Corrado Barbieri v. Commissioner., United States Tax Court - Memorandum Decision, T.C. Memo. 1991-175, Docket No. 28611-88., Filed April 17, 1991
Corrado Barbieri v. Commissioner.
United States Tax Court - Memorandum Decision
T.C. Memo. 1991-175
Docket No. 28611-88.
Filed April 17, 1991.
Edward N. Lerner and Nancy Kostal, 750 Main St., Hartford, Conn., for the petitioner. Michael P. Breton, for the respondent.
Memorandum Findings of Fact and Opinion
WHITAKER, Judge: Respondent determined deficiencies in petitioner's Federal income tax and additions to tax as follows:
1 Unless otherwise noted, all section references are to the Internal Revenue Code of 1954 as amended and in effect for the year in issue, and all Rule references are to the Tax Court Rules of Practice and Procedure.
Prior to trial, petitioner conceded the adjustments for the taxable year 1980. After concessions, the remaining issue for decision is whether petitioner is liable for the addition to tax pursuant to section 6653(b) for the taxable year 1981. We hold that petitioner is liable for the addition to tax pursuant to section 6653(b) for the taxable year 1981.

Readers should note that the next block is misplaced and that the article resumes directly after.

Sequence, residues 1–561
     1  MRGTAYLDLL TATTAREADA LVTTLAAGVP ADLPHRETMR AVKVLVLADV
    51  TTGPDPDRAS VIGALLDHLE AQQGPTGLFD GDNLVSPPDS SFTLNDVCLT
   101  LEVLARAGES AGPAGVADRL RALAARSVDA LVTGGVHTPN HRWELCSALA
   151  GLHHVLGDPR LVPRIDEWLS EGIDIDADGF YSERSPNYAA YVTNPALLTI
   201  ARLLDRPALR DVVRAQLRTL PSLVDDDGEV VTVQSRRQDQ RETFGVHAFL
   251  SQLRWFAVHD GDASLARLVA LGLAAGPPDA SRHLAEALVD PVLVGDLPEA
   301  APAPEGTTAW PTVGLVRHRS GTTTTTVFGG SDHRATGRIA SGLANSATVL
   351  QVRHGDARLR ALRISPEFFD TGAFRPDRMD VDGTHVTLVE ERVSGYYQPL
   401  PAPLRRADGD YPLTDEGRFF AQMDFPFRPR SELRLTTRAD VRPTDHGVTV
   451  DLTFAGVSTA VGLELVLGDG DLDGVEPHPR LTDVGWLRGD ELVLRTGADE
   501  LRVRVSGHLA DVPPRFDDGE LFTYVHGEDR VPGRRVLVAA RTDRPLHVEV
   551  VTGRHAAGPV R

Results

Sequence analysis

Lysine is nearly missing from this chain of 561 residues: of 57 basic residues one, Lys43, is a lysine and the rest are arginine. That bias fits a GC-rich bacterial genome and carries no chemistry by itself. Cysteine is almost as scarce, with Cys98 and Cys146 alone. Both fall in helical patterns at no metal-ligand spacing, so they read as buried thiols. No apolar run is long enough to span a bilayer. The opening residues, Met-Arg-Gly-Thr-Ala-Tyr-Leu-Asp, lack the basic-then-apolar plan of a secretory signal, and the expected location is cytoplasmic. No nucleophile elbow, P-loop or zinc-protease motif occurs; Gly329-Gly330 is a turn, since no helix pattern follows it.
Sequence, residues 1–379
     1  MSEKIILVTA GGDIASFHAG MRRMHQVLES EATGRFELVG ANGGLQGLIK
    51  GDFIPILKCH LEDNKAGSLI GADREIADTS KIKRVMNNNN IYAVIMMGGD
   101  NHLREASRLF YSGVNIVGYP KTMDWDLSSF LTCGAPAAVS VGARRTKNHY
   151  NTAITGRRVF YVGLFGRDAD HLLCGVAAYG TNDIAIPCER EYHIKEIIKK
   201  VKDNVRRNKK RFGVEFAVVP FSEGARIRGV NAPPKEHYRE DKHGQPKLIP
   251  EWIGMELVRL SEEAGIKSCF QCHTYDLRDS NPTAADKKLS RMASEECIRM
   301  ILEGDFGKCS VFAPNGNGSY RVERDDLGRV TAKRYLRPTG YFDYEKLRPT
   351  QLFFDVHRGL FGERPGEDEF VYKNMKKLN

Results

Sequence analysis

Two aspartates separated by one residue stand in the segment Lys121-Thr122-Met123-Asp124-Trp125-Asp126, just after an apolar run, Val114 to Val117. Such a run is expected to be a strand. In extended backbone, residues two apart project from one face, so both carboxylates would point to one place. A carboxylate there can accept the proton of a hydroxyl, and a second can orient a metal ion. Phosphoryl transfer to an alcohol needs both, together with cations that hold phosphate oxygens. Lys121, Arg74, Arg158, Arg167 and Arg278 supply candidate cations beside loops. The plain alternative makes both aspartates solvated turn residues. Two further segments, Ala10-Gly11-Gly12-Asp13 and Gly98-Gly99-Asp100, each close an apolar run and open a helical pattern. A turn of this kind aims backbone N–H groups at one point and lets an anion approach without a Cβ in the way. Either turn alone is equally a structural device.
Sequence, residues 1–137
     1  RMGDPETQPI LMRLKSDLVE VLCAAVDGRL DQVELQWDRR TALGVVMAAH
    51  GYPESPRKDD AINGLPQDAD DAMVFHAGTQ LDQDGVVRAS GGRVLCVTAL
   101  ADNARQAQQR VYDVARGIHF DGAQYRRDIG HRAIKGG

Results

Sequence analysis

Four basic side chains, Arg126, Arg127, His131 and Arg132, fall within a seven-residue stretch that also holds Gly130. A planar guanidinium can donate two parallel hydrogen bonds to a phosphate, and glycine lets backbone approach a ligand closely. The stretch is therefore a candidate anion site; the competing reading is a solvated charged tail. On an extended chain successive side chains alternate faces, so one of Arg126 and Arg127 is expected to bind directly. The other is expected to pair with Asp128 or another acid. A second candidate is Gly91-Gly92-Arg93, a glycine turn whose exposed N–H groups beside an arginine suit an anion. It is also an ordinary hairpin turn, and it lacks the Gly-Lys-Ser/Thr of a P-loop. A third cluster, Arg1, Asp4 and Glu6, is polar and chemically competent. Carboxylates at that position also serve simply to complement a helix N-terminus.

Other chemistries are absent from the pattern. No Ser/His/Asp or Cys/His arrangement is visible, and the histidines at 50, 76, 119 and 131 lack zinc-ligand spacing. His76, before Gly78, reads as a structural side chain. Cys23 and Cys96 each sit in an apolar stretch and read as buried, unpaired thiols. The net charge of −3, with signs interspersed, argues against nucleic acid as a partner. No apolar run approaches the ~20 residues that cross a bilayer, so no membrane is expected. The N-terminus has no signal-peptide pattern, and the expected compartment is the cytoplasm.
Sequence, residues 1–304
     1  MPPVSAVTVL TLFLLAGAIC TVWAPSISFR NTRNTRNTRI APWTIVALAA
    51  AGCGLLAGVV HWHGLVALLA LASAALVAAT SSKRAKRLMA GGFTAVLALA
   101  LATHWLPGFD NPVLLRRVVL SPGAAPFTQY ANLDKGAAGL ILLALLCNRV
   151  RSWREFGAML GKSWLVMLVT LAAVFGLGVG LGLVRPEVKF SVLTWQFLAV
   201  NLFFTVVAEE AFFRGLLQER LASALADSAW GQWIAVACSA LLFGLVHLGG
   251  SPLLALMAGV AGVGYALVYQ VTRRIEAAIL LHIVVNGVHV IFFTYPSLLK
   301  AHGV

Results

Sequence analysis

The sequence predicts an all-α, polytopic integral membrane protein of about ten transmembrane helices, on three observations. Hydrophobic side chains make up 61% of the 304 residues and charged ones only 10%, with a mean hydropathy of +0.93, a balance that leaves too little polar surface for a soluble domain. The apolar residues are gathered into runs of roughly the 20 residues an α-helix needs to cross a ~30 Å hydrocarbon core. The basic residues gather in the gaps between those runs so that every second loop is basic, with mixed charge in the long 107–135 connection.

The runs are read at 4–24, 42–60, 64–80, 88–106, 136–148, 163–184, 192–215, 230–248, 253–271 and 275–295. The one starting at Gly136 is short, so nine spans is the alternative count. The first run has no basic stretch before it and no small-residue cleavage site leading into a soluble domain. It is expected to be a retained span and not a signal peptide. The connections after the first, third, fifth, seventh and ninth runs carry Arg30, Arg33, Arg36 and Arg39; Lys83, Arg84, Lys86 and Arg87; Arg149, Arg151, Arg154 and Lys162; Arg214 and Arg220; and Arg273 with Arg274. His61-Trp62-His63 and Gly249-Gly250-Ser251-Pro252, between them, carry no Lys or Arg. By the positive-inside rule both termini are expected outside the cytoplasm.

Findings of Fact
Some of the facts have been stipulated and are so found. The stipulations and attached exhibits are incorporated herein by this reference.
Petitioner, Corrado Barbieri, resided in Wethersfield, Connecticut, at the time his petition was filed. Petitioner was born on February 19, 1922, in Siracusa, Sicily, Italy. Petitioner graduated from an Italian high school/prep school in 1935. Petitioner is a citizen of the United States. In the early 1960's, petitioner was a self-employed barber. As a barber, petitioner did not sell any products, but he knew that if he did, he would pay income tax on the profit.
Petitioner became employed at Pratt & Whitney Aircraft Division, United Technologies Corporation (Pratt & Whitney) in 1965. Pratt & Whitney is a major Government defense contractor which manufacturers jet engines for the United States military. In the manufacturing process, gold alloyed with other precious metals is used in the production of many of the component parts of these jet engines and jet engine parts. The gold alloyed with precious metals is in the form of paste, powder, tape, and preformed rings. During the production process for the jet engine and jet engine parts, the gold and precious metals are applied to certain component parts of the engines and engine parts. These part's are then brazed soldered in a heat-treatment process in Department 524. During the brazing process, residue pieces of gold and precious metals are produced as a byproduct. These residue pieces harden into nuggets or buttons. Hereinafter when we refer to the term buttons, we mean the residue pieces of gold and precious metals.